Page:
Viscosity dominated KGD hydraulic fracture

Description of the case

The KGD problem addresses a single plane strain fracture growing in an infinite elastic domain. Basic assumptions and characteristic shape for this example is similar to those of another case (Viscosity dominated KGD hydraulic fracture) except that the viscosity dominated regime is now considered. In this regime, more work is spent to move the fracturing fluid than to split the intact rock. In this test, slickwater with a constant viscosity of 1 cp is chosen as fracturing fluid, whose compressibility is neglected. To make the case identical to the viscosity dominated asymptotic solution, an ultra-low rock toughness K_{Ic} is defined and fracture is assumed to be always propagating following fluid front. Asymptotic solutions of the fracture length \ell, the net pressure p_0 and the fracture aperture w_0 at the injection point for the KGD fracture with a viscosity dominated regime are provided by (Adachi and Detournay, 2002):

\ell = 0.6152 (\frac{ E_p Q_0^3 }{ 12\mu })^{ 1/6 } t^{ 2/3 }

w_0^2 = 2.1 (\frac{ 12\mu Q_0 }{ E_p })^{ 1/2 } \ell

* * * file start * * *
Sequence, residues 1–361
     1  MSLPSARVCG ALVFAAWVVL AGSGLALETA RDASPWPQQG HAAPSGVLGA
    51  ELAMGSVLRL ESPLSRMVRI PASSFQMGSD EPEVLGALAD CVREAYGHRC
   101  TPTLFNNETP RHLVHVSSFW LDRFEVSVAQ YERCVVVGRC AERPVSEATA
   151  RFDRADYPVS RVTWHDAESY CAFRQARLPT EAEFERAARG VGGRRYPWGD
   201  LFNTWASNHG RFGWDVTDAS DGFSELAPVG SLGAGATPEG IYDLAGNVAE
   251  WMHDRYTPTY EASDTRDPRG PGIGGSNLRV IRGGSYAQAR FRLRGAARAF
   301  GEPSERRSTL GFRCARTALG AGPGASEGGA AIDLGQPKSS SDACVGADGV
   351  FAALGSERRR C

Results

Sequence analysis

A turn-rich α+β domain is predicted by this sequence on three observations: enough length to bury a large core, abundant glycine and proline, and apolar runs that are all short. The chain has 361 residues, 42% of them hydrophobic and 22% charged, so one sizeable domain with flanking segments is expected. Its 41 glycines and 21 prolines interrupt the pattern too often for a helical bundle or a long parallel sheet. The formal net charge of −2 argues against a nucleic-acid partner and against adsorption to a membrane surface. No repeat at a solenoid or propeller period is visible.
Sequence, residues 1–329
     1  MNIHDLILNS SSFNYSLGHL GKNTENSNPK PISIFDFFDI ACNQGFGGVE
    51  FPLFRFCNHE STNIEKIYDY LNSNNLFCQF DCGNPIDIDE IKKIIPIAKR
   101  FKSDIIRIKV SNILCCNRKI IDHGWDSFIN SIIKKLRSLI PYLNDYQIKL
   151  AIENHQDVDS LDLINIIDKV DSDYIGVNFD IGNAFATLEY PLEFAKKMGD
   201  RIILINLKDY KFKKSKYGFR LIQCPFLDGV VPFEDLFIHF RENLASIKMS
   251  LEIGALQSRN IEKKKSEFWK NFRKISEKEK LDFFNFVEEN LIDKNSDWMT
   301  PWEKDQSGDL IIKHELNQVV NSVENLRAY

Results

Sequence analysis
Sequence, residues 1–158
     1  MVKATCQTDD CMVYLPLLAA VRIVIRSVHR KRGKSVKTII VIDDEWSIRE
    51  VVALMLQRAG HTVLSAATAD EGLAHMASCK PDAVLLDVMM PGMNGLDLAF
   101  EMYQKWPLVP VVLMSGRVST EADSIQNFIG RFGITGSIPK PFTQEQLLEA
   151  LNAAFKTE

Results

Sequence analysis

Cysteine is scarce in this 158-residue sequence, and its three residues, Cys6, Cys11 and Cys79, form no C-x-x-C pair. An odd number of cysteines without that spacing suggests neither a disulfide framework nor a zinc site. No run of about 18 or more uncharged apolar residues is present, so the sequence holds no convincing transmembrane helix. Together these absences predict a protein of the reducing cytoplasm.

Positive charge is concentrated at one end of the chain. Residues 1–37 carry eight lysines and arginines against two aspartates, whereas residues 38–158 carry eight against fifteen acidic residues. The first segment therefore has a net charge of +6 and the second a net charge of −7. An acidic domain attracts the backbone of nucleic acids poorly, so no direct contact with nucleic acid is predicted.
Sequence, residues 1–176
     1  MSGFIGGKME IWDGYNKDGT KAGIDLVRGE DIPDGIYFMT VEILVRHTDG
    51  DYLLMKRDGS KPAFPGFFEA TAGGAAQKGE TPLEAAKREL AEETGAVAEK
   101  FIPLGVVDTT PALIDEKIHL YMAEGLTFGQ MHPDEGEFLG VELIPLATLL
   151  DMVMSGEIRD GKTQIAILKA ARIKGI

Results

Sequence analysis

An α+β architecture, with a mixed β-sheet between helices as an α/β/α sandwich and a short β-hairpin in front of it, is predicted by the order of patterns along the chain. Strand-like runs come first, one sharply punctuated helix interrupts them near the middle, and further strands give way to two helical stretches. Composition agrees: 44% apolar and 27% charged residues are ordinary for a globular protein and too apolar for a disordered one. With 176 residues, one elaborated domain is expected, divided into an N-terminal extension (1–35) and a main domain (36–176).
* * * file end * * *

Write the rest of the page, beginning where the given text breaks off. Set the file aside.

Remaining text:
w_0 p_0 = 0.62 (12\mu Q_0 E_p)^{ 1/2 }

where the plane modulus E_p is defined by

E_p = \frac{ E }{ 1-\nu^2 }

and the term X is given as:

X = \frac{ 256 }{ 3 \pi^2 } \frac{ K_{Ic}^4 }{ \mu Q_0 {E_p}^3 }

Input file

The input xml files for this test case are located at:




The corresponding integrated test with coarser mesh and smaller injection duration is also prepared:


Python scripts for post-processing and visualizing the simulation results are also prepared:


Fluid rheology and rock toughness are defined in the xml blocks below. Please note that setting an absolute zero value for the rock toughness could lead to instability issue. Therefore, a low value of K_{Ic} is used in this example.

      targetRegions="{ Domain }"

First, by running the query script

python ./ kgdViscosityDominated

the HDF5 output is postprocessed and temporal evolution of fracture characterisctics (fluid pressure and fracture width at fluid inlet and fracure half length) are saved into a txt file model-results.txt, which can be used for verification and visualization:

[['      time', '  pressure', '  aperture', '    length']]
         2 1.075e+06 0.0001176       1.5
         4 9.636e+05 0.0001645         2
         6 8.372e+05 0.0001917       2.5
         8  7.28e+05  0.000209         3
        10 6.512e+05  0.000222       3.5

Note: GEOS python tools geosx_xml_tools should be installed to run the query script (See Python Tools Setup for details).

A good agreement between GEOS results and analytical solutions is shown in the comparison below, which is generated using the visualization script:

python ./

(Source code)


To go further

Feedback on this example

This concludes the viscosity dominated KGD example. For any feedback on this example, please submit a GitHub issue on the project’s GitHub page.